The last thing we had talked about regarded a spiritual retreat. I had begun to read a lot of books during my lonely, sleepless night vigils, but I confessed needing more than that. I need a break to regroup from all the life changes. Now, the only decision left is to where to go. The main options include a French Benedictine order, a Jesuit retreat house, or an order of hermit nuns. Really, I wish that I could hop a plane and go back to South America. That trip had been so full of grace! And, now that my Husband has finally permitted me to have back in my possession all of my personal documents-- my passport, driving permit, and bank card-- I very much could. ;-) Oh, if only! However, a few days in total silence in the middle of absolutely nowhere sound incredibly beautiful, too! We shall see. I do not really like the idea of being apart from my spouse.
My friend and I parted company with the following thought: Be gentle, gentle, gentle! Apparently, I am supposed to be gentle with myself. Hmmmm. Now, how do I do that, pray tell?! The image that comes to mind is of my 1 year-old niece, who likes to pat your cheek while saying, in her high pitched voice, "Niiiiiiiiiiiiiiiiiiiiiiiiice!" Then, she tends to give a hard "thunk" across your face. Yes, indeed, for me both the "gentles" and the "thunks" are needed. :-)
Well, what does the rest of this day look like? Coursework, housework, perhaps Sacramental Confession and spending time before Christ in the Blessed Sacrament at a nearby shrine, getting coffee (which I was instructed not to forgo after all!) at a little shop around the corner, and, this evening, attending Mass in the Extraordinary Form at our parish. Soon, I will need to work on the baby quilt for my cousin's son. I also have a new order for the mantillas I make and sell. One of these days, I need to get out my DSLR camera and have fun capturing the uniqueness of the area in which we live. I haven't been creative in ever so long.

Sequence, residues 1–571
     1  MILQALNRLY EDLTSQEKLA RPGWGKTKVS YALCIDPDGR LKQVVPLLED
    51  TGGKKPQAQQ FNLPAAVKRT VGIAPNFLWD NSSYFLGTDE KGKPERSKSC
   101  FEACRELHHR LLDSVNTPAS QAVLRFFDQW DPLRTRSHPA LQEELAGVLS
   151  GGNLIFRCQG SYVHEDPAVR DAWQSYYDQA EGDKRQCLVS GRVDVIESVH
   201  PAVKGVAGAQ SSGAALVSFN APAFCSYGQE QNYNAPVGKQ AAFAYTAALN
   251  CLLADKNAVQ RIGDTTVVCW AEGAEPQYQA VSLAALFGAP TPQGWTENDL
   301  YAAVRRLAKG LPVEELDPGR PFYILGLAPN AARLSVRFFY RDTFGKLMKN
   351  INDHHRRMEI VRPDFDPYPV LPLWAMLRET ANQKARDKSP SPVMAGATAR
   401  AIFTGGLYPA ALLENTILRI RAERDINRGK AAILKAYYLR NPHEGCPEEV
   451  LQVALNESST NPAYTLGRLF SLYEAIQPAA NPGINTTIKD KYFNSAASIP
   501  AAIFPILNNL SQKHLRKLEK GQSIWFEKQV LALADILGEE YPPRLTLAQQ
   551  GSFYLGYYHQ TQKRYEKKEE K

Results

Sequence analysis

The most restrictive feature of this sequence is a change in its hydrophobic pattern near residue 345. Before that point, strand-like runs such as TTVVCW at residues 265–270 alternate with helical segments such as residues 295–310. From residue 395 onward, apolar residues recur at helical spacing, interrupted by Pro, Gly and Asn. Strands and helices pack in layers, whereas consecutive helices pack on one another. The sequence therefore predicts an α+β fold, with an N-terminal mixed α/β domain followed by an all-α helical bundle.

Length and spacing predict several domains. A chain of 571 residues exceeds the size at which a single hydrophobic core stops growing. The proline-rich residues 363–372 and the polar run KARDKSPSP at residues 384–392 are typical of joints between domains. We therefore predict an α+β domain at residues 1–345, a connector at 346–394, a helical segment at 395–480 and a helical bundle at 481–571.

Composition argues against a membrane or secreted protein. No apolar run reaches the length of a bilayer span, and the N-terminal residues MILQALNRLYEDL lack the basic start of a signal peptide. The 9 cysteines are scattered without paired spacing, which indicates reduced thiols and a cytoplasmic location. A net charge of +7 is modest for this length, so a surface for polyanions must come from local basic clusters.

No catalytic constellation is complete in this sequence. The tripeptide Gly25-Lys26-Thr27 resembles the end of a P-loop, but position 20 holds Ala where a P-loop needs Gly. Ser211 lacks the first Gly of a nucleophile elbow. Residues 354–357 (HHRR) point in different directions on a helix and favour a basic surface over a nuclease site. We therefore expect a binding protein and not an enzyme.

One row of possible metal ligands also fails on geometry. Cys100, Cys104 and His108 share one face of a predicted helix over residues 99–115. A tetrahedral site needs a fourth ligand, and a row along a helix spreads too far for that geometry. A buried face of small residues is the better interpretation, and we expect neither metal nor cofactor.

And, one of these days, I would like to go in to work with my Husband-- well, not to his job-- but to sit at the library or at the bookshop I had enjoyed during his formal interviews. I have already seen his cubical. He has the "LOVE" alphabet photography work I created for him in one corner. I am trying to find an appropriate picture frame for a photograph of us together, so that it might also grace his desk. The workspace needs to look cheery and remind him of home. That is my goal. I had been terribly worried that my Husband would not like his new job; that he would regret not having been a professor after all. He was born to be a teacher. After all, the man "teaches" the air for fun. Thankfully, though, he thoroughly loves his job. Apparently he gets paid handsomely to do what he used to do for fun in his spare time-- help others with their algorithms and statistical models. His boss is also hoping that my Husband will be the expert for a new "super computer" the university just purchased. Yes-- and this is said with all love, sincerity, and respect-- my Husband is a complete nerd. :-) (In contrast, the only way I did well in my mathematics courses back in my old schooldays was due to the fact that our teacher could be easily persuaded to debate Calvinism or to speak about sports instead of physics. Thank God! :-))
Well, before this turns into an epic like the Odyssey, I will stop typing and post it. I apologise, but I do not feel like editing today. You will just have to bear with me. :-)
Just one more thought: What I have learned is this-- life moves on. It has its ups and its downs. But it is a joy, a blessing, and our one-and-only life to live. Indeed, with the Psalmist, my soul echoes the adjoining verse (from the one above):
"To the end that my glory may sing to thee, and I may not regret: O Lord my God, I will give praise to thee for ever."
May God bless each and every one of you. Please know that I am aware of the struggles some of you who read this blog are currently facing, especially those of you who are nearest and dearest to my heart. (Ahem! You know who you are. :-)) Even in this time of extreme difficulty, it is my earnest prayer that your soul will be touched by grace and that you will be able to give continued praise to God. Know that you are not alone. Rest assured that you are in the thoughts and prayers of both my Husband and me. Your intentions will be remembered at every Holy Mass. Take comfort in the loving-kindness of our great God and in the communion of the Mystical Body of Christ. Do not fear. Be not anxious for anything. Have faith that all will be well, in time. And, if at all possible in your spare time, I would recommend to you "Practical Piety." It is one my new favourite works, and reading it made me think of you. :-)
With agape love,